The prospect of having to deal with internet censorship can be a daunting one when preparing to move to China. This is particularly true for academics, who might worry about losing resources both for research and class preparation. Internet restrictions can indeed be frustrating at times, therefore it is necessary to prepare adequately, not get discouraged and look for alternative options whenever possible.
The most obvious solution to most (though not all) internet problems is a VPN, or “virtual private network.” This is a programme that can “disguise” your browser as if it were coming from a different country. It is important to get a VPN before you leave, as doing so once in China might be more difficult. Furthermore, while free VPNs are available, paying ones are more reliable. There are many different VPN programmes for China on the market: it is a good idea to consult expat blogs and forums, which generally provide recommendations, allowing you to compare options and make the most informed choice. If you’re not very computer-literate, try to find a programme that is easy to figure out and use and doesn’t require too much interface. Once you have bought and downloaded a VPN, “practice” using it before leaving to make sure everything is in order.
A VPN programme is essential if you want to guarantee your access not only to social networks like Facebook and Twitter, or blogging hosts such as Blogspot and WordPress, but also to Google and to most major Western newspapers. However, keep in mind that the “great firewall of China” is constantly expanding and that there is also a chance that your VPN might be suddenly disabled. Moreover, even a functioning VPN may be at times become disconnected. It can also slow down your network, on some occasions, making the use of Youtube and other video hosting sites very difficult.
Browsing the internet in China, particularly for professional reasons, without a functioning VPN can be daunting, but it is not necessarily as restrictive as it sounds. First of all, restrictions of foreign websites tend to be arbitrary (or at least may appear to be so). Therefore, while the likes of Google, Youtube, the website of The New York Times and The Guardian will be out of bounds, chances are that numerous websites, including teaching resources, will still be available. If you rely heavily on Gmail, it might be wise to have your messages forwarded to another address and/or to give your password to a trusted person at home who can pass on important information. This will prevent you from being completely cut out if your VPN stops working or expires.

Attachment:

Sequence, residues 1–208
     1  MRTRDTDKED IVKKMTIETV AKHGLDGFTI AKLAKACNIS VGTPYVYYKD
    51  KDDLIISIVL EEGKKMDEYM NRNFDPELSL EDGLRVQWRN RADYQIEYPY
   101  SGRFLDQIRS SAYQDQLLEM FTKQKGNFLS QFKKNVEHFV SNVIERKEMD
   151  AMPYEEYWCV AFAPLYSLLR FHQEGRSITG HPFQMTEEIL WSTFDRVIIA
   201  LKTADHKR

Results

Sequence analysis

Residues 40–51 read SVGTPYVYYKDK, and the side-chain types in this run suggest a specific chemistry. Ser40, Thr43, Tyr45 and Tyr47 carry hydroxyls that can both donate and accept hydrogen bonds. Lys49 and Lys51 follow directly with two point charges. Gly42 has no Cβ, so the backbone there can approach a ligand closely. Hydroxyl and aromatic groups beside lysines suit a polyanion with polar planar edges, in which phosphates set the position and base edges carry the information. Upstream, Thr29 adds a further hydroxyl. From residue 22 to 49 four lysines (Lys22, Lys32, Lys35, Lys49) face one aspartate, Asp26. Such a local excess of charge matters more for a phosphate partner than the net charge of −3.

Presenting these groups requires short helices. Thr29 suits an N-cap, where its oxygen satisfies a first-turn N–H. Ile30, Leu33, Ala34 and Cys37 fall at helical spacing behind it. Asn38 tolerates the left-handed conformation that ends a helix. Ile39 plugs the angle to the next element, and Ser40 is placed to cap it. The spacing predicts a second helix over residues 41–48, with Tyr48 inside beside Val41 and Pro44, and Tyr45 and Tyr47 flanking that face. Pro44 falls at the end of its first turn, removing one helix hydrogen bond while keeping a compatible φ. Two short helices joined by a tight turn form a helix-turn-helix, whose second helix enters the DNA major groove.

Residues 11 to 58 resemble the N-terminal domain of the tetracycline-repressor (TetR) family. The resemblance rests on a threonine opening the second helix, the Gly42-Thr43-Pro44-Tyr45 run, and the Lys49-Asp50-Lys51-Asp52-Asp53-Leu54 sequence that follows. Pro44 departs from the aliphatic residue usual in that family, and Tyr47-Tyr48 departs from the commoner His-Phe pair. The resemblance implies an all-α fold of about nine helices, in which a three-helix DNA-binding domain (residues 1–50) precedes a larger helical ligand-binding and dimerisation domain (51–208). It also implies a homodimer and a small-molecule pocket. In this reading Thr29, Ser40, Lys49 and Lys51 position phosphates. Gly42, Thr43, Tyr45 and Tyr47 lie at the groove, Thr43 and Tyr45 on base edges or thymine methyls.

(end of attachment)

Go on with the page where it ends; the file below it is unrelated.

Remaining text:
It is also a good idea to familiarize yourself with the search engines that are normally available in China. These are chiefly Baidu (the most popular search engine in China) and Bing (which might be more convenient if you’re illiterate in written Chinese). Results might be slightly different from those given by Google, but most important information is likely to come up anyway. Also consider that, while access to certain resources will be restricted, other will be available: for instance, websites like Youku and Sohu provide valid alternatives to Youtube, providing ESL teaching resources as well as sometimes films and entire television series. Moreover, many foreigners quickly adopt popular Chinese social networks such as QQ and WeChat. These can not only replace the likes of Facebook and Whatsapp for social interactions, but can also be used to communicate with students by passing on information and class documents.
As concerns specifically academic resources, your university probably provides access to digitalized databases such as JStor. If you’re having trouble locating them in your university’s website, ask a Chinese friend to direct you, and remember, if you have a functioning VPN, to disable it first (or your server will “think” that you are not in China and deny you access to free resources connected to your university’s website!). Books and other resources might be also sometimes available through Chinese sites.
Overall, the best way to deal with internet restrictions in China is to get hold of a reliable VPN programme. Obviously, this will still entail some limitations, not only because of the possibility of it being disabled, but also because it will limit what kind of internet resources you can share with your students. Do not encourage your students to acquire a VPN, as frustrating as it might be not to show them how to use Google Scholar, for instance. Make sure that, if you direct them towards a specific internet resource or online document, they can access it without a VPN. It is also not a good idea to complain about internet restrictions with Chinese colleagues and friends. In these circumstances, treat the presence of the firewall as a given fact without expressing judgements about it.
In conclusion, internet restrictions in China can indeed pose problems. Tempting as it is to go in denial about them beforehand, especially when being otherwise stressed out by the impending move, you must try to be as prepared as possible to ensure you maintain a wide access to internet resources. This means investing in a reliable, paying VPN programme before you leave for China. Nevertheless, censorship on the web is something you will need to learn to put up with, just like pollution, disorderly traffic and other less than ideal parts of the Chinese experience. So, use VPN, familiarize yourself with Chinese internet resources, and don’t get discouraged.